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Excretion Dynamics of Arboviruses in Mosquitoes and the Potential Use in Vector Competence Studies and Arbovirus Surveillance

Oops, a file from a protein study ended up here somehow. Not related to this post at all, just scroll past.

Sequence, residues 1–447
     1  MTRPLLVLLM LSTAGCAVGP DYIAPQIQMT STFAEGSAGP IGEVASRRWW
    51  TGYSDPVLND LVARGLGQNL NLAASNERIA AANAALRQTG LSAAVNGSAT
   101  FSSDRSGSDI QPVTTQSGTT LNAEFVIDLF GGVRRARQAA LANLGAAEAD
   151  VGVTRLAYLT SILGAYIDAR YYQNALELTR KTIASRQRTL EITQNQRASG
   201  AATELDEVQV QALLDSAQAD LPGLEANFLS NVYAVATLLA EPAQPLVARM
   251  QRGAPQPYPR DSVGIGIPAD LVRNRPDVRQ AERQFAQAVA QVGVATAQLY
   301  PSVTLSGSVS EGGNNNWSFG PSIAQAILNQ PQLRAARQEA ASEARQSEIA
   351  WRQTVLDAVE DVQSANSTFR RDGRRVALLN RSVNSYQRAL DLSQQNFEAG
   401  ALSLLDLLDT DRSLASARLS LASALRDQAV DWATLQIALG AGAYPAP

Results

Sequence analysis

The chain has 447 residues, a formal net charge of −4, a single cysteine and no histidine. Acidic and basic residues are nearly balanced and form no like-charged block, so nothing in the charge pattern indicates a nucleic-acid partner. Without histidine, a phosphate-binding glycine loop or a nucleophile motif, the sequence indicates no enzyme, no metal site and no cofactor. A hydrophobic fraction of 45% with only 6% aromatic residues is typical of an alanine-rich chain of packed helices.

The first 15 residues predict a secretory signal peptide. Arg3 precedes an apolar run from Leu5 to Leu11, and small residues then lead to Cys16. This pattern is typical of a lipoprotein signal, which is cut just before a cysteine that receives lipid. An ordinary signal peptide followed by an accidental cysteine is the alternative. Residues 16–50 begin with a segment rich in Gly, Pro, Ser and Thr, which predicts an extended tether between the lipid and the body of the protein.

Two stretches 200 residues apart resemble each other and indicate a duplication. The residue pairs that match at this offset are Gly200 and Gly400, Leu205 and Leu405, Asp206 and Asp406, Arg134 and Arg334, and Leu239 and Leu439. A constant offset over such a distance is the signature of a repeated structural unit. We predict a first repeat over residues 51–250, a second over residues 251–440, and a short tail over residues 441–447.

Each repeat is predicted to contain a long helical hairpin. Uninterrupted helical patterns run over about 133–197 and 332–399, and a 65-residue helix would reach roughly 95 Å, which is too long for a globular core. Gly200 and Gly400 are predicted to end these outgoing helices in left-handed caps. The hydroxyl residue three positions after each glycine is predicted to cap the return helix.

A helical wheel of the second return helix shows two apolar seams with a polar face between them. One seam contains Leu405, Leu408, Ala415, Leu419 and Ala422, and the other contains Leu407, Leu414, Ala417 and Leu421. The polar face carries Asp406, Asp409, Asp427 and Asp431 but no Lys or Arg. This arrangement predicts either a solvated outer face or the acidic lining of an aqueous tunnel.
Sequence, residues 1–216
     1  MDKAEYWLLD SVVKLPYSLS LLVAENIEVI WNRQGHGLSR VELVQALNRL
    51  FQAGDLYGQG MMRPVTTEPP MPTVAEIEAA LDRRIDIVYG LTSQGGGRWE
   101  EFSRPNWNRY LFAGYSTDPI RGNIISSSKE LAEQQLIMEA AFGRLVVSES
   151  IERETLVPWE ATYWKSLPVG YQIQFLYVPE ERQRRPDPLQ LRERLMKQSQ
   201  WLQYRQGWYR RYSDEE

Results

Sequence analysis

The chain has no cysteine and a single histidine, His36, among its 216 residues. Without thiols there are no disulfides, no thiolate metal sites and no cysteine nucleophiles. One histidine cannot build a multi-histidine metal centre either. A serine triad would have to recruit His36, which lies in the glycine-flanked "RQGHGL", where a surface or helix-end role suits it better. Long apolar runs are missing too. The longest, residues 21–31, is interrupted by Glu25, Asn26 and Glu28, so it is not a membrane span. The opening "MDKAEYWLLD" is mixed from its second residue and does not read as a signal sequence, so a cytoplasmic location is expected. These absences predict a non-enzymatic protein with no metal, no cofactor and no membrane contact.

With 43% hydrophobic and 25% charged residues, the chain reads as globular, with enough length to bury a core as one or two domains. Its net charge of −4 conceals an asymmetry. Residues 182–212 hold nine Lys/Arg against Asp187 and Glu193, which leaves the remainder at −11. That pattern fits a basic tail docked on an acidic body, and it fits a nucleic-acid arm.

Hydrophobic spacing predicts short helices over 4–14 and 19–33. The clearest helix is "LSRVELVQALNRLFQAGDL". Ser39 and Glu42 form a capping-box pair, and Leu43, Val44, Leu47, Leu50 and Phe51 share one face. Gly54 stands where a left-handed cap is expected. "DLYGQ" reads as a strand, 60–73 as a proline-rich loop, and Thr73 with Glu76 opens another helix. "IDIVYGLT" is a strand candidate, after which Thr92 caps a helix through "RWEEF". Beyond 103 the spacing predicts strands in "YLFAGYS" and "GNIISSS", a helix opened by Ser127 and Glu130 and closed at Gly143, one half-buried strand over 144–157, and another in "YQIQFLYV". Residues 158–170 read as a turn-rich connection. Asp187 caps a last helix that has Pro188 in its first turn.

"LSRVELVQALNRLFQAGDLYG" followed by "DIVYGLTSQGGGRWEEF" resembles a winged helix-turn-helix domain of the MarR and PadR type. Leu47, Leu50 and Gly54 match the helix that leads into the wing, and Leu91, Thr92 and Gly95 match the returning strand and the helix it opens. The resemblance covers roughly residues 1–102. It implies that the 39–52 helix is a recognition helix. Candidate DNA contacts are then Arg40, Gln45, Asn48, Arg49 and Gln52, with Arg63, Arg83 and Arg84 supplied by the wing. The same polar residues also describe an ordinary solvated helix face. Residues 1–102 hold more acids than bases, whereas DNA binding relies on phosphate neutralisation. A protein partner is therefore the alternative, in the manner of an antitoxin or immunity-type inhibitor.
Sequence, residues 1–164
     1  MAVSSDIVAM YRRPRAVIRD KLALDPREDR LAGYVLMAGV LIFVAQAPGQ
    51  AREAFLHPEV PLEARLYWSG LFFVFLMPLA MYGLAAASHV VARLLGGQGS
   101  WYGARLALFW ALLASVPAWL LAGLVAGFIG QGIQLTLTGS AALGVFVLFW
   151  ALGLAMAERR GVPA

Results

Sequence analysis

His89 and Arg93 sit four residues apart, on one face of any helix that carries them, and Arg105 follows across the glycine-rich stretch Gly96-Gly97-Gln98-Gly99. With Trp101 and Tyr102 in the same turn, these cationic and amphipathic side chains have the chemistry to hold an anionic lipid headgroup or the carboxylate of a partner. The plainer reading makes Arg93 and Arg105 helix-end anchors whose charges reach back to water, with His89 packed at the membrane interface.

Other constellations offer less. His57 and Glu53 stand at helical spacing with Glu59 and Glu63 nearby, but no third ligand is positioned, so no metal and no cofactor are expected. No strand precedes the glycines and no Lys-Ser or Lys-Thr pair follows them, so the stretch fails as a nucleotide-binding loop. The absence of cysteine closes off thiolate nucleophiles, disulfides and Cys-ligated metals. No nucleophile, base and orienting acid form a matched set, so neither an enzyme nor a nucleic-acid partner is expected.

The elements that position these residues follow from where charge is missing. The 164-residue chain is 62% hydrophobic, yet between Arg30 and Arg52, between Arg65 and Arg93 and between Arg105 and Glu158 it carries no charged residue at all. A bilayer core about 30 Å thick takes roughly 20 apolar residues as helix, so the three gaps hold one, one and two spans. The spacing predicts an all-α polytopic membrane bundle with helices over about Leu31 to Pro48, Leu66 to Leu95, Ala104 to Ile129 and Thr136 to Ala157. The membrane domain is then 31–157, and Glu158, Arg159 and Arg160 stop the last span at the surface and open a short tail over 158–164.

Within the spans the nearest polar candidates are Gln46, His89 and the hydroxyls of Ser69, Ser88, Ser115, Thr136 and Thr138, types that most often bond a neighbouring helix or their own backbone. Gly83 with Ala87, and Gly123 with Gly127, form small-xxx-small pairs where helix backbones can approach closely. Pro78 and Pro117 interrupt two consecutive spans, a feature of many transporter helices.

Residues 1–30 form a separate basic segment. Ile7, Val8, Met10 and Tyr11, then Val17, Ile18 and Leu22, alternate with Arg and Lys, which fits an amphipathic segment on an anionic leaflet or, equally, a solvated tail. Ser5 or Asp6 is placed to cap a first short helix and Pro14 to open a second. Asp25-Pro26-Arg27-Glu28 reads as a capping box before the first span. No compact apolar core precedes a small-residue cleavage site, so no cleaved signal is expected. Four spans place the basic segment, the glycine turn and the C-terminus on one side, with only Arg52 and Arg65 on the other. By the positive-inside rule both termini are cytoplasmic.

The increasing threat of arboviruses such as West Nile virus (WNV) and Usutu virus (USUV) requires the fast and efficient surveillance of these viruses. The examination of mosquitoes takes up an important part; however, these investigations are usually very time-consuming. An alternative sample type for arbovirus surveillance might be mosquito excreta. In order to determine the excretion dynamics under laboratory conditions, laboratory colonies of Aedes vexans and Culex pipiens biotype molestus were infected with WNV, USUV or tick-borne encephalitis virus (TBEV). After infection, the excreta were sampled and investigated for viral RNA. Excretion of viral RNA together with infectious blood meal could be detected up to five days after infection. Further excretion seemed to correlate with a disseminated infection in mosquitoes, at least after USUV infection. In addition, it could be determined that the amount of viral RNA in the excretions correlated positively with the viral load in the mosquito bodies. Overall, this study shows that the usage of mosquito excreta as a sample type for surveillance enables the detection of endemic viruses (WNV, USUV) as well as non-mosquito-borne viruses (TBEV). In addition, examination of viral shedding during vector competence studies can provide insights into the course of infection without sacrificing animals.



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